If you’ve decided you will go forward with you’re repair, now you must evaluate what needs to be done. If you have a single screen panel that is torn and needs to be replaced, you will need to remove the old screen and install new screen. Measure the opening and purchase the new screen material (sometimes called screen mesh, insect mesh, or pool and patio screen) and tools to install it with. Before installing the new screen, always make sure all debris is cleared away from the opening and you have removed all obstacles from the work area. [Check back later for articles on details of how to install new screen] If you have multiple panels that are damaged, the process is the same, only you will need more material, and will want to set aside more time to spend installing the new screen. You should also remove the old screen from only one panel at a time, so if you run into any delays, you can leave the remaining panels to be repaired at a later date. If you are ready to rescreen an entire enclosure, it is always easiest to work in large stages. These will include gathering new material, removing all old screens, cleaning and prepping the entire enclosure, and installing the new screen. If you are not experienced installing screen, you could expect a small porch (apx 8’H x 12’W) to take four to six hours to complete. Other miscellaneous repairs that you may look to complete include: replacing lower (base) panels with pet resistant screen, adding a pet door to an existing enclosure, cleaning mold and mildew from an enclosure, painting scratches or blemishes on the aluminum etc. Many of these will require other tools and material that must be purchased from an aluminum distributor. As time allows, we will go into further details on these repairs and others, and how they can improve your outdoor living spaces.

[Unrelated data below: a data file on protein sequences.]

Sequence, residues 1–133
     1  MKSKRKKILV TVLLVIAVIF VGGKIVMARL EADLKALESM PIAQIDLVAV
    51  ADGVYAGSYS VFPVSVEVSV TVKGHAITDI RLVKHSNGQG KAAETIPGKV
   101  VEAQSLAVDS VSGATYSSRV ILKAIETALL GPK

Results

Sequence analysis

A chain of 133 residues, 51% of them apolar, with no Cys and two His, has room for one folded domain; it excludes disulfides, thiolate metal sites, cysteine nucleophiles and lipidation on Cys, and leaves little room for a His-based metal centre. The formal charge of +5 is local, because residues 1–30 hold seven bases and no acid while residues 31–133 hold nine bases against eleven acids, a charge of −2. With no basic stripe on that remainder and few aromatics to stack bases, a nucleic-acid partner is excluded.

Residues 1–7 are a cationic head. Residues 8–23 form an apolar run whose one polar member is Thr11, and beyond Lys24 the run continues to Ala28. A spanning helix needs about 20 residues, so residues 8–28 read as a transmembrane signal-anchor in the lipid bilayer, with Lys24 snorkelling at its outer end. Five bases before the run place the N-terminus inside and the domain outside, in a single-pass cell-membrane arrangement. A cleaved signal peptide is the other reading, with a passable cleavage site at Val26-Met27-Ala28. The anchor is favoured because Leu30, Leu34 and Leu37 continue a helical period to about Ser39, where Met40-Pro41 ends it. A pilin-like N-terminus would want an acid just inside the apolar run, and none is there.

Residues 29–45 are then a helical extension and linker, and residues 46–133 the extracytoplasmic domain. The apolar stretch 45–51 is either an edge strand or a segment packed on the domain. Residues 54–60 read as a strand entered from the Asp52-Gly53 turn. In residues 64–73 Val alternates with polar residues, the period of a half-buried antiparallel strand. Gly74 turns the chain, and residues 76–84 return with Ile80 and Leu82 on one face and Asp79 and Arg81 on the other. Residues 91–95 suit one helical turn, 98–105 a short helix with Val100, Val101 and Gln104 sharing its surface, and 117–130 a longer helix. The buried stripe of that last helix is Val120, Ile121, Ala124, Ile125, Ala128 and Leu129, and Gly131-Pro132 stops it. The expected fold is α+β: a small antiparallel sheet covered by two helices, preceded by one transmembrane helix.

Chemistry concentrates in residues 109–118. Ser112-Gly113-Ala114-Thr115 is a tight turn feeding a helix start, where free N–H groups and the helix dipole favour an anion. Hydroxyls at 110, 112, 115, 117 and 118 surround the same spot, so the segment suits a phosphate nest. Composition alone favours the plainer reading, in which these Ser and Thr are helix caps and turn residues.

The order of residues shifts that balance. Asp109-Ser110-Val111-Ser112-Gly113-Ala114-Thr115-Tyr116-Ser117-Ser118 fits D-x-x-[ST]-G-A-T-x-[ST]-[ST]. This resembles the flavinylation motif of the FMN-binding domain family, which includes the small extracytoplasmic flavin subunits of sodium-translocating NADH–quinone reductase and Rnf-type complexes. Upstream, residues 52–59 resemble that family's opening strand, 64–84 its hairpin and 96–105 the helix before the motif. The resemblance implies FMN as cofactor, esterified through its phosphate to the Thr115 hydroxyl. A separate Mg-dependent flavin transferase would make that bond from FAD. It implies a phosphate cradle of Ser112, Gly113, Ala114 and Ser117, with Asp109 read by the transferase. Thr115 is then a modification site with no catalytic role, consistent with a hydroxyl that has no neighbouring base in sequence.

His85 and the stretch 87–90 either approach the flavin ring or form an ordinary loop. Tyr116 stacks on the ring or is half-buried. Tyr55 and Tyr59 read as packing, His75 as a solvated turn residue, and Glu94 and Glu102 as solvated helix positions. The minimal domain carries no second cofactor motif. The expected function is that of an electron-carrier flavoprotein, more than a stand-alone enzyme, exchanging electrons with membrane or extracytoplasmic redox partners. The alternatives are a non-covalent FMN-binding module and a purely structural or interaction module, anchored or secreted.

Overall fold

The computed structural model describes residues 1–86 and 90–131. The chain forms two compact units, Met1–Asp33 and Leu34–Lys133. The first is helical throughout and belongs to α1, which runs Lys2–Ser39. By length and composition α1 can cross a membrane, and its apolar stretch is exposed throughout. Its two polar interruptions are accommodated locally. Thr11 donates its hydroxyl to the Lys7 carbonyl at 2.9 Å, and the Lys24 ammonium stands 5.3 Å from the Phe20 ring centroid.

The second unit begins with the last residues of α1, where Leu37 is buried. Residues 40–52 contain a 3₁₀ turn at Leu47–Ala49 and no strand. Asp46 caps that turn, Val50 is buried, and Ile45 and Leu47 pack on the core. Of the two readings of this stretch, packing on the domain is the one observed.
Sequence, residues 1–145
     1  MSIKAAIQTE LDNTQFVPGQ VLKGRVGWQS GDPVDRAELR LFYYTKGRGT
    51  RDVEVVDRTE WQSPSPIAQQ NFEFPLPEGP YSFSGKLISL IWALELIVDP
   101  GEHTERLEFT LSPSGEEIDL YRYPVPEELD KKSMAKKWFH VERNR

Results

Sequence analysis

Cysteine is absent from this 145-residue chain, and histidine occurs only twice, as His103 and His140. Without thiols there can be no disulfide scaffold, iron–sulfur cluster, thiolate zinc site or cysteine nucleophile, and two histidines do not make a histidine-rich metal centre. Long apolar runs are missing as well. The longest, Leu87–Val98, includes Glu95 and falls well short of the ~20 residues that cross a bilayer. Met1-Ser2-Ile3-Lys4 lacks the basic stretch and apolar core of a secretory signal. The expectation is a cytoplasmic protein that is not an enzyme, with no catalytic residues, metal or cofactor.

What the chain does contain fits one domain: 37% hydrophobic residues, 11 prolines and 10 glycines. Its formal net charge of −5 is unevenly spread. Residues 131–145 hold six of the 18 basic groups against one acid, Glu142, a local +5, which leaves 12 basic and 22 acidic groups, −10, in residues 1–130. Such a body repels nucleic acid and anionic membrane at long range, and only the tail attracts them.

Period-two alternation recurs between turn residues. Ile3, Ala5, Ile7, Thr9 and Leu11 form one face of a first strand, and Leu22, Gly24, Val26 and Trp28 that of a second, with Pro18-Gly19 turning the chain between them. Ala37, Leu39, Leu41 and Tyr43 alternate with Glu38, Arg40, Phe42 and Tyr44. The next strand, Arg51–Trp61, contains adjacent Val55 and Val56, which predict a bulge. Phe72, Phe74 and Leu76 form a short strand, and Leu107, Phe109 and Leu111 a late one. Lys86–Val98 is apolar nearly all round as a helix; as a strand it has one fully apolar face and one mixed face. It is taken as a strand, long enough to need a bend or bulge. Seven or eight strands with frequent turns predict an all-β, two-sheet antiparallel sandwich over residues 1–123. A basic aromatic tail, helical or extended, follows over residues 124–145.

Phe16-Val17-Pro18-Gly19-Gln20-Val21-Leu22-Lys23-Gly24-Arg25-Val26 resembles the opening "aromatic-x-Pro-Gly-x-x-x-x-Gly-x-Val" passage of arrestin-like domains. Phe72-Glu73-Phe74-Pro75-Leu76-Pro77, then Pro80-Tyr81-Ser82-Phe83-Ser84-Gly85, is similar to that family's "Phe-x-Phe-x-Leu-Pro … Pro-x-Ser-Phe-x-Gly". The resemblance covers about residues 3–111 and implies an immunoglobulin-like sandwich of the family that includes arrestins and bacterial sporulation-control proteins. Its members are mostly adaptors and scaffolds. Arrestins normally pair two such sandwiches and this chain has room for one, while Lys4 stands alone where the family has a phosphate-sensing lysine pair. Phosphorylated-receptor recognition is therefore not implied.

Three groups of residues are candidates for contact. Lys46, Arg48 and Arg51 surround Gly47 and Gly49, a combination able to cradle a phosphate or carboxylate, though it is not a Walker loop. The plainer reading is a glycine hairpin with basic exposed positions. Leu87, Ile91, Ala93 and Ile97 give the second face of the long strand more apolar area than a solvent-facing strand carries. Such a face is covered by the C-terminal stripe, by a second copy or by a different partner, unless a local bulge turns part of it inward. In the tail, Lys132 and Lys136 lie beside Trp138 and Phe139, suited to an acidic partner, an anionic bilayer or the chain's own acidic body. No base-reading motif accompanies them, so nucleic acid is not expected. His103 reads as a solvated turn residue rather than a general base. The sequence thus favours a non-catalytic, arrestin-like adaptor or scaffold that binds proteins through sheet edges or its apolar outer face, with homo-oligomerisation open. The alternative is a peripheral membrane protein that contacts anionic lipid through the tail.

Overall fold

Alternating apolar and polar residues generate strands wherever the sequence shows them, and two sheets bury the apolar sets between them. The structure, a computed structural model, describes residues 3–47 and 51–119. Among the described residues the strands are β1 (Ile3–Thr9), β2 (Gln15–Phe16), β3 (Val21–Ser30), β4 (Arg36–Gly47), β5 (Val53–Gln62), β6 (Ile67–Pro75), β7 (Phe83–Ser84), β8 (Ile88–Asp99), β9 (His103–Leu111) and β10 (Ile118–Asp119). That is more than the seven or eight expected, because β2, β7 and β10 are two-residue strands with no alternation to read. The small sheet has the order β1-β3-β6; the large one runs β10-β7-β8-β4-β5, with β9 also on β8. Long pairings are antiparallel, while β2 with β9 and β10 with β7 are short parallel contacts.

After taking a more detailed look at what is involved in completing several types of screen repair, and considering the difficulty of different projects, I hope you feel better about the repairs you are facing. If you’ve deciding to take on your repair project yourself, check back for future posts covering specifics of installation techniques. If you think you’re repair is better served by a professional screen repair company, there is no shame in that. As we mentioned earlier, your safety should be your number one concern when considering any handyman task. Either way, as we come into spring and sizzle into summer, now is the time to tidy up that outdoor area, and look to repair and clean your patio or pool enclosure. Don’t let bugs and leaves spoil your relaxation. Take out the toolbox, or pick up the phone, and you can be lounging around worry free in no time.

You can contact Screenologist Inc. for all of your screen enclosure needs. Central Florida 407-788-7419 Greater Tampa Area 813-223-3484 or Toll Free at 888-322-7419

Visit us on the web www.Screenologist.com

Email – sales@screenologist.com